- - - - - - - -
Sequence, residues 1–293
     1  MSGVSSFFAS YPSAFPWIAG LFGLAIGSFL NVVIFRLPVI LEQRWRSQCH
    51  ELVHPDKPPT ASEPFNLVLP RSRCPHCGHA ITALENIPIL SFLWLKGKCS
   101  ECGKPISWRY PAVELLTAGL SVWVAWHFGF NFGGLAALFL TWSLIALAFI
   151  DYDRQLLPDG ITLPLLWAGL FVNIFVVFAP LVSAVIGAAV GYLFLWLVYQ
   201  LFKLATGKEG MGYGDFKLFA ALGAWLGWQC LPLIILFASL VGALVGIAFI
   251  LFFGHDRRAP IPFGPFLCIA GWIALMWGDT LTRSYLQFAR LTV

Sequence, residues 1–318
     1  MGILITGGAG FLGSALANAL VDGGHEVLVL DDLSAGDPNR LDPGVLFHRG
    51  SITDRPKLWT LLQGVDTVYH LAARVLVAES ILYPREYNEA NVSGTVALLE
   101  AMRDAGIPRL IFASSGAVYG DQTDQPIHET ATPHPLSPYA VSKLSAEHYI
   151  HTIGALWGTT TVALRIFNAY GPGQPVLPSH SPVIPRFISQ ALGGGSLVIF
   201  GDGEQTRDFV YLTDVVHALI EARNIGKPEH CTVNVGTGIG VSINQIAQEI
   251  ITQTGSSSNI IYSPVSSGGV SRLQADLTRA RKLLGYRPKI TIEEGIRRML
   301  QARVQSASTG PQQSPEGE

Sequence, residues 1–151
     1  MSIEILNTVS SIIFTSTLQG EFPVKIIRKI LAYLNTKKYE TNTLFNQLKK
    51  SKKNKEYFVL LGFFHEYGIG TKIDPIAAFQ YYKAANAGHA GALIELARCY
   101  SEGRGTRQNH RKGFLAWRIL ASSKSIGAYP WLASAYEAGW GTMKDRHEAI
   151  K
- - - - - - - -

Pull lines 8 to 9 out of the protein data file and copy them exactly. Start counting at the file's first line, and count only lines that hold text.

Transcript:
Sequence, residues 1–318
     1  MGILITGGAG FLGSALANAL VDGGHEVLVL DDLSAGDPNR LDPGVLFHRG